Taking courses at “good times”: You indicated that your classes may not be scheduled at good times for you. For some students, they believe that their course schedule isn’t at “good times” for them because they have too many gaps between classes – use that time wisely! Review notes, join a club or study in the library. For some students, courses are not scheduled at their best times for learning. Scheduling your classes when you learn best is the ideal situation; however, you can be successful even if you are “not a morning person” and you have an 8 a.m. class. There are techniques you can use to ensure that you can grasp the information before you are fully awake – or in the late afternoon when your brain is on overload. Plan future schedules so that you are in class at your peak learning times.
Course interest or value: An important part of the college experience is learning about a variety of subjects. This means that you may take classes that you otherwise would not necessarily have selected on your own. You will learn about science even if you are an English major or take math courses even if you are an art major and music history even if you are a criminal justice major. Keep an open mind – you never know what courses you may enjoy and be able to use in life. A positive attitude will help you succeed!
Work conflicts: Working and being a college student mean you must learn to balance your time. Be sure to talk with your supervisor about needs related to your work schedule – especially during your busiest times at school (around exams). If possible, work on campus where your supervisor is often more flexible. Try to keep your work hours to a minimum because your full-time job should be going to school!
Family obligations: Whether you have to help with children or elders in your family, or your family simply expects you to be home for dinner every night, you need to figure out how you will manage these obligations. Helping your family understand your needs while being considerate of their expectations is not an easy task. If you are having a difficult time with this, the Counseling Center (www.fau.edu/student/counsel) is available to help you problem solve.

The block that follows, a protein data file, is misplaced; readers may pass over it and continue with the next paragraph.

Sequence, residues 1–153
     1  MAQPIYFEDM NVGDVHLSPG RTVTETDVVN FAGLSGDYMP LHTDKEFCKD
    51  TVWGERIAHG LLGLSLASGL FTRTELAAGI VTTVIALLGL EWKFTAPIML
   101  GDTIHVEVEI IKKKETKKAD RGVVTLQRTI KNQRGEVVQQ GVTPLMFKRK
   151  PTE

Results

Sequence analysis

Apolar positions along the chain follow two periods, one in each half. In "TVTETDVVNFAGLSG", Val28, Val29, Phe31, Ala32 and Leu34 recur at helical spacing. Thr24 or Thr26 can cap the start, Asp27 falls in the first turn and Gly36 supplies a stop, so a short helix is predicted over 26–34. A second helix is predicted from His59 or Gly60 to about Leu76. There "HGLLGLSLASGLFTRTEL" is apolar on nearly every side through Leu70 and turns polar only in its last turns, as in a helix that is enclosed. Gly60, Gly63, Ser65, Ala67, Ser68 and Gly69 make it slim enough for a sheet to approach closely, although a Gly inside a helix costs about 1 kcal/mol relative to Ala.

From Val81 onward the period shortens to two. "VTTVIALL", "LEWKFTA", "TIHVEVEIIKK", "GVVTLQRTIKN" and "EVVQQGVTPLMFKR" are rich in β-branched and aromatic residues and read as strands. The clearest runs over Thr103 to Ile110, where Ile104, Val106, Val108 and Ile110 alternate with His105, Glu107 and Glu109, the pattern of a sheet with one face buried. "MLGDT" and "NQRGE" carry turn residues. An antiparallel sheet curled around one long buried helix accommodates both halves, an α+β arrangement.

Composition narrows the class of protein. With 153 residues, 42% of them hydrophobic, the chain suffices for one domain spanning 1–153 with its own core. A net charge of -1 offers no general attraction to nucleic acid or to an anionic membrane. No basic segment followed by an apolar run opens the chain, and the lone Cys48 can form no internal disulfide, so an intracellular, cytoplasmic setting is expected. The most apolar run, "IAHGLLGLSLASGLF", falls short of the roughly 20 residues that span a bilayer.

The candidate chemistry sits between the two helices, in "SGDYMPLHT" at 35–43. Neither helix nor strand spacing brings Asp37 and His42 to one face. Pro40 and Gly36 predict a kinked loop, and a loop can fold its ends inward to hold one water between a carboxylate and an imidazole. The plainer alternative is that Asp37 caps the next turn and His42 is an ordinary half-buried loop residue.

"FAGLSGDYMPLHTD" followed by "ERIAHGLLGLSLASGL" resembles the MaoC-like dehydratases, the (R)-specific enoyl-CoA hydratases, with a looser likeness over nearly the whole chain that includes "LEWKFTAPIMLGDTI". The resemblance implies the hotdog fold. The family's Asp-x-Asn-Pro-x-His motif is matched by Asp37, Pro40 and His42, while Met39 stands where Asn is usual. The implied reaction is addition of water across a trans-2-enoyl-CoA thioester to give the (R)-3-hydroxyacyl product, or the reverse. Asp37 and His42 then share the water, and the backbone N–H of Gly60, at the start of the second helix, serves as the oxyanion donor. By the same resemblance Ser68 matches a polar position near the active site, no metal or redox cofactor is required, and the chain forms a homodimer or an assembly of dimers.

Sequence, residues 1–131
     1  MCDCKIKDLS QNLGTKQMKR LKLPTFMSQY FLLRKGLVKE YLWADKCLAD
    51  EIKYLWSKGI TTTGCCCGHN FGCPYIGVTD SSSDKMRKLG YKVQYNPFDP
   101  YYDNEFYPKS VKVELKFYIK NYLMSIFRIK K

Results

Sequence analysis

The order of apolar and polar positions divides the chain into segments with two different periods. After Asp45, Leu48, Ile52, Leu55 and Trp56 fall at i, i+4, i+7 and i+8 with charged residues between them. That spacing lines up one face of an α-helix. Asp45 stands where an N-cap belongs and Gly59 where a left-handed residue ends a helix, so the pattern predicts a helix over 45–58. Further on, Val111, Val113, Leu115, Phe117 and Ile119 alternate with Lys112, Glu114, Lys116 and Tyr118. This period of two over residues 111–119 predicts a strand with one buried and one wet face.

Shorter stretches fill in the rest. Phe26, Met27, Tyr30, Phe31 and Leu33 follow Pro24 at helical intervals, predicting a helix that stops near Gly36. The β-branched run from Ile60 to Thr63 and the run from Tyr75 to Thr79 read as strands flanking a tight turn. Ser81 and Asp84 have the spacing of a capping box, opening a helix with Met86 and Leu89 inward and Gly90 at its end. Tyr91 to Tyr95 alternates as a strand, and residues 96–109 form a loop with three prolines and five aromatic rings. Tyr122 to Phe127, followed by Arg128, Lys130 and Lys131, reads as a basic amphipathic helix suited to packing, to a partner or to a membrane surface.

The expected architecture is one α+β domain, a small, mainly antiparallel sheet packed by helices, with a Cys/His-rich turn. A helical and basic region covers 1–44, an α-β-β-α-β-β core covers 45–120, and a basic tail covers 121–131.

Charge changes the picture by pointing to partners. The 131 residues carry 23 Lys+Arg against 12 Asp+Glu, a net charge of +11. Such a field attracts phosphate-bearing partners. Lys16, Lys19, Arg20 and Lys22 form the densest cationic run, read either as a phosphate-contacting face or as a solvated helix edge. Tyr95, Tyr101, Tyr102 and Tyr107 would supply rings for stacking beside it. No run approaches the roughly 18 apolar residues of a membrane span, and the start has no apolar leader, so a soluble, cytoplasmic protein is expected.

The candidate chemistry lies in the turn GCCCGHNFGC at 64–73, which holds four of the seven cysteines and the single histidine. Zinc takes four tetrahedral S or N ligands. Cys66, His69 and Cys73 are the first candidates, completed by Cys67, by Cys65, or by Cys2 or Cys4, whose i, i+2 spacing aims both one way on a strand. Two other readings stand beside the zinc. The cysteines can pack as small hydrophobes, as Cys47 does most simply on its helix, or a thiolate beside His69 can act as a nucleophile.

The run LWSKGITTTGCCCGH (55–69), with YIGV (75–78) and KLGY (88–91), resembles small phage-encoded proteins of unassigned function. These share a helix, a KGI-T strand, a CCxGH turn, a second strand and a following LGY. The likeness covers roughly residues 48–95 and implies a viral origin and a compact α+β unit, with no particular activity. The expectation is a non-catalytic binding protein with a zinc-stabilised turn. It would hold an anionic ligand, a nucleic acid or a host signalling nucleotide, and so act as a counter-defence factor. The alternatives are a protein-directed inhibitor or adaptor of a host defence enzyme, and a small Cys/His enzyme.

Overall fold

Health concerns: Whether it is your health or that of someone close to you, it is difficult to focus on academics when you don’t feel well (or are worried about someone else who is not feeling well). Be sure to talk to your professors about any extraordinary circumstances you may be experiencing and take advantage of the resources on campus that can provide you assistance and give you the extra support you may need (Student Health – www.shs.fau.edu, Office of Health and Wellness Education– http://www.fau.edu/wellness/, and the Counseling Center – www.fau.edu/counseling).
Commuting: Commuting in South Florida is a challenge! Be sure to plan for the unexpected – leave early so that traffic and busy parking lots won’t make you late for class. Also, try to find several alternate routes to campus and get your classmates’ phone numbers in case you just can’t make it.
Go to class! Students who attend all of their classes are more likely to earn good grades. When you miss a class, even if you get notes from someone else or online, you are just getting a summary of the information and may miss major concepts and/or important details. Also, the act of writing down the information is important in helping it “sink in.” And you never know when an instructor may give a pop quiz or other important information that you can’t get if you aren’t there. If we can give you the best advice, it is GO TO CLASS!